Events > Revolutionary Uses of Print: Publicity and Political Legitimacy during the French Terror (1793-1794)

A Public Lecture by Carla Hesse

Peder Sather Chair in the Department of History at UC Berkeley

Date: Friday, September 16, 2011
Time: 5:30pm
Place: McGill University, Bronfman Building, Room 151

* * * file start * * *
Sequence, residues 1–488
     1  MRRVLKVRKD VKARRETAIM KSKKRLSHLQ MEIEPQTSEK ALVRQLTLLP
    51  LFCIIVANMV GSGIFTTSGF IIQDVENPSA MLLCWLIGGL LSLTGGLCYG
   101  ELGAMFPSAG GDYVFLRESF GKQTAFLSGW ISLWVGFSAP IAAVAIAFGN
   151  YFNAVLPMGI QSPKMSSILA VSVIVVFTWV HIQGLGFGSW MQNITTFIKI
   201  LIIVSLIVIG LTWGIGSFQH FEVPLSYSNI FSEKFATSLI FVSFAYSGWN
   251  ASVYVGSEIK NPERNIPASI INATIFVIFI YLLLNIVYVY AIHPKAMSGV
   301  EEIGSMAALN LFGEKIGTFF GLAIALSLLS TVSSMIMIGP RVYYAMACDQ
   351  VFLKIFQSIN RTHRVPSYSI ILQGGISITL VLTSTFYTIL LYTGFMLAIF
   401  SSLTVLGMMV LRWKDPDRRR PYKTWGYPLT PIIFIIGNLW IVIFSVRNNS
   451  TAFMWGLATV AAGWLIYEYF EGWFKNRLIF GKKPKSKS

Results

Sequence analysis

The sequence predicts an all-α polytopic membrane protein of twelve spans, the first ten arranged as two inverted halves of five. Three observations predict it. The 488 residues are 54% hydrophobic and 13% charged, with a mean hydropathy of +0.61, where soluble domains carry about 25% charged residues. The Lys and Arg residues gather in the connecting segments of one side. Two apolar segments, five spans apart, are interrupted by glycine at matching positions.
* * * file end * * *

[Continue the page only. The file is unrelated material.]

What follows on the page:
The Interacting with Print research group is hosting a public lecture by Carla Hesse on Friday, September 16, 2011. Carla Hesse, Peder Sather chair in the Department of History at UC Berkeley, is one of the leading historians in the field of French History of the late eighteenth and early nineteenth centuries. Among her many publications in the field of French book history, she is best known for her Publishing and Cultural Politics in Revolutionary Paris, 1789-1810 (UC Press, 1991) and The Other Enlightenment: How French Women Became Modern (Princeton, 2001). The Other Enlightenment is a landmark monograph that changed the standard narrative about the negative implications of the French Revolution for women by demonstrating that publications by female authors actually increased substantially in the early nineteenth century. Her talk will examine the political uses of print during the French Revolution. Please note that the talk will be given in English.

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